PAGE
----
Fig. 1
figure1

Structural equation model of occupational stress - job burnout - quality of life. Note: II = Internal input; RE = Reward; EF = Effort; JB = Job burnout; EE = Emotional exhaustion; DE = Depersonalization; LS = Lower personal satisfaction; QL = Quality of life; PF = Physical functioning; RP = Role limitations due to physical health; BP = Bodily pain; GH = General health perceptions; VT = Vitality; SF = Social functioning; EM = Role limitations due to emotional problems; MH = Mental health.

Discussion

Factors influencing the quality of life of surgical nurses

This study found that male nurses had higher quality of life scores than female nurses, which may be because men are superior to women in terms of their physical strength and energy, and they can withstand greater pressure. When confronted with the heavy demands of nursing work, they can better adapt to high-intensity nursing work than women. Women tend to have more family responsibilities in their daily lives and they take fewer breaks than men, which can lead to higher levels of stress. This is consistent with the research results of Thakre et al. [45]. Nurses between 29 and 38 years old had the lowest quality of life scores. This can be explained by how nurses in this age group are independent in life and have just started their career. Their professional title is lower and their income is lower. They need to take on both family and work responsibilities. The total score of quality of life among nurses over 39 years old was the highest. It may be that, as nursing staff get older, they acquire more professional experience, their income increases, their family life tends to be stable, their children are generally capable of living independently, their daily life does not require as much care and they have a stronger ability to cope with the various risks associated with their work. Nurses in this age group often hold important positions in their work, and they can enjoy a greater feeling of victory and satisfaction, so the total score of quality of life was higher. However, most nurses aged between 18 and 28 years old have short working hours after they graduate, and most of them have not yet lived independently. Although they have heavy workloads, they rely on the help of their families, which diminishes some of the work-related pressure. The higher the title, the higher the total score of quality of life, which is consistent with the research results of Mchurh [46]. Studies have shown that higher positions tend to allow for greater room for development. Such positions are associated with a higher degree of freedom from authority, and various needs are easier to satisfy [47]. Senior nurses have more advanced qualifications, mature skills and rich experience, which enables them to cope with the pressures of their work more easily. As the frequency of night shifts increased, the quality of life score of nurses decreased. This finding may be due to the way in which night shifts affect the body’s normal ability to rest and sleep. Frequent night shifts disrupt the body’s biological rhythm, which means that it is more difficult to recover from fatigue by ensuring sufficient rest, which thus reduces the quality of life [48].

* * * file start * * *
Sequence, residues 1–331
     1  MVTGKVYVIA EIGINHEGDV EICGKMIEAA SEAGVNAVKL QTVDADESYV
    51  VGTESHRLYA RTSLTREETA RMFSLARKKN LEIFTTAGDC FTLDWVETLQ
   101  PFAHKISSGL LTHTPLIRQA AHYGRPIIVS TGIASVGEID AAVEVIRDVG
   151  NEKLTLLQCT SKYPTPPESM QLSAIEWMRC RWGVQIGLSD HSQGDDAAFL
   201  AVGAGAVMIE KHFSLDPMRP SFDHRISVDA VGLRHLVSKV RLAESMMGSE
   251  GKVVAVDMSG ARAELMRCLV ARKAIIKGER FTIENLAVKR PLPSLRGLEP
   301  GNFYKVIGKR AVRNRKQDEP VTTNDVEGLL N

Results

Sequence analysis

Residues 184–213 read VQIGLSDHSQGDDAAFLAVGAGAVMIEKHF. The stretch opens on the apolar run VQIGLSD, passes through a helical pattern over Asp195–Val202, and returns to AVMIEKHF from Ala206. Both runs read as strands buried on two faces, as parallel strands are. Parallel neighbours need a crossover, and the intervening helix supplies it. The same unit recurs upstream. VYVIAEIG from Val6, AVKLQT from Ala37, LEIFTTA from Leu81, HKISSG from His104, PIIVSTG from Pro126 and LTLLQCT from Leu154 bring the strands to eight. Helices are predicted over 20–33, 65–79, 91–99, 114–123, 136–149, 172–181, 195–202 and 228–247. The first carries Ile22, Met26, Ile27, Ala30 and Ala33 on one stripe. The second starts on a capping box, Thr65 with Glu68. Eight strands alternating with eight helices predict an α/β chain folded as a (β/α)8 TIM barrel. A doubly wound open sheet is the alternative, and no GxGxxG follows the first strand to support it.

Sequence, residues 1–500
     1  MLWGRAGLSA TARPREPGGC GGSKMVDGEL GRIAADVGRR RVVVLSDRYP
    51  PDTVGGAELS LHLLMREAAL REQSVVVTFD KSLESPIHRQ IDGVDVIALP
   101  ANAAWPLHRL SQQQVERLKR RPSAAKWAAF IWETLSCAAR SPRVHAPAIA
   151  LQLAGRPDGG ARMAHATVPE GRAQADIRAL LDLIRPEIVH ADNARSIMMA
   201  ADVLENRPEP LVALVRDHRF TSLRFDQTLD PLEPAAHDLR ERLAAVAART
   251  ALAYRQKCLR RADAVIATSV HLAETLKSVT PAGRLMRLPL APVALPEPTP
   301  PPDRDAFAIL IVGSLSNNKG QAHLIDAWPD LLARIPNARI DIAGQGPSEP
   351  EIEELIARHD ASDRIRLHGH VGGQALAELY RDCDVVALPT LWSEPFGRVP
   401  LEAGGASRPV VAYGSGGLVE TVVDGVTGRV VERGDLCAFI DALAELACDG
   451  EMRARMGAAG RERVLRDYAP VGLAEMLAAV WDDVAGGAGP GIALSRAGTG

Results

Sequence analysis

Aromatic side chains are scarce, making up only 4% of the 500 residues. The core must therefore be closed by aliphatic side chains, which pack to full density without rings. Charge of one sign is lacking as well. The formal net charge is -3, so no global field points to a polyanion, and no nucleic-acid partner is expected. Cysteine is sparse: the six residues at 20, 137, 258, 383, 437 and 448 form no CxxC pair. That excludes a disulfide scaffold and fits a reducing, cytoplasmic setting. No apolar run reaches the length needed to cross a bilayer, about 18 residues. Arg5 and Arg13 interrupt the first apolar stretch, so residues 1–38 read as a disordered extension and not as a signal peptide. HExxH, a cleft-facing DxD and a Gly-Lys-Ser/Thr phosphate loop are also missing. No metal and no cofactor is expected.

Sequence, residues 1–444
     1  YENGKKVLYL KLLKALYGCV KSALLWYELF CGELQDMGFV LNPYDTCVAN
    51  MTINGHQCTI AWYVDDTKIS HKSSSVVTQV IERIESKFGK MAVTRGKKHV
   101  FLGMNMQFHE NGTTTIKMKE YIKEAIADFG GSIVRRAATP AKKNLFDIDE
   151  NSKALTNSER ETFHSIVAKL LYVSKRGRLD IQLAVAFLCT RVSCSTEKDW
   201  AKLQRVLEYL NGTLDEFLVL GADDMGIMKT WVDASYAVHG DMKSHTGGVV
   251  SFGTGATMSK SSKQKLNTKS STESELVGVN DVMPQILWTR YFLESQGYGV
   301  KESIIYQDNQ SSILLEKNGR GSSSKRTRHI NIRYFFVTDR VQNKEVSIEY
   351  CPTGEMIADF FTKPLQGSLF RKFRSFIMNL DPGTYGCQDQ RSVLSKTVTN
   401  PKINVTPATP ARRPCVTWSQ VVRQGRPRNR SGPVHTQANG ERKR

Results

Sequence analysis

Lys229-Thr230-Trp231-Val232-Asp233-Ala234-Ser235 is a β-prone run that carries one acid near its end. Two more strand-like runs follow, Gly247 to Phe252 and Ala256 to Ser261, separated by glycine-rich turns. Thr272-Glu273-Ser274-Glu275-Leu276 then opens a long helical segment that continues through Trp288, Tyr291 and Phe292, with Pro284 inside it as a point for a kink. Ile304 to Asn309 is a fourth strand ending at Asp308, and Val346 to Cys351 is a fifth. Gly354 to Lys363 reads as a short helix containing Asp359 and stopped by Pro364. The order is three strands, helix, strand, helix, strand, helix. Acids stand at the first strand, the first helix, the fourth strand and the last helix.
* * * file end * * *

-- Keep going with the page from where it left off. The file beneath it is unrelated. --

Relationship between occupational stress job burnout and quality of life among surgical nurses

Among the 488 respondents who participated in this study, 82 nurses exhibited low levels of stress and 406 nurses exhibited high levels of stress. The quality of life score among nurses in the low-stress group was higher. Studies have shown that long-term occupational stress can lead to a decline in occupational quality of life, which may be caused by psychological stress, and it then affects work [49]. Some studies have confirmed that occupational stress among medical staff can not only cause a decline in the individual’s quality of life, but it can also lead to a reduction in the standard of medical services provided. This may in turn contribute to an increase in occupational risk and the loss of medical staff, which generates a serious economic burden for society [50]. Compared with the zero, low, medium and high burnout groups, the quality of life score decreased as the severity of burnout increased. Scott et al. [51]. argued that job burnout can seriously affect one’s physical and mental health, work, and organization. Job burnout is closely related to work efficiency. The higher the severity of job burnout, the lower the level of work efficiency, and the greater the likelihood of absenteeism and job-hopping. Job burnout is one of the possible occupational health problems observed among nurses. An increasing number of studies have proved that nursing is associated with a high incidence of job burnout [52, 53]. There is a correlation between each dimension of occupational stress and each dimension of job burnout, which indicates that stress and burnout are also mutually interactive. Peihong et al. [54] proposed that occupational stress and burnout interact with each other, causing serious harm to the physiology and psychology of nurses. If an individual cannot effectively cope with occupational stress in the workplace, long-term burnout will ensue, leading to higher stress levels [55].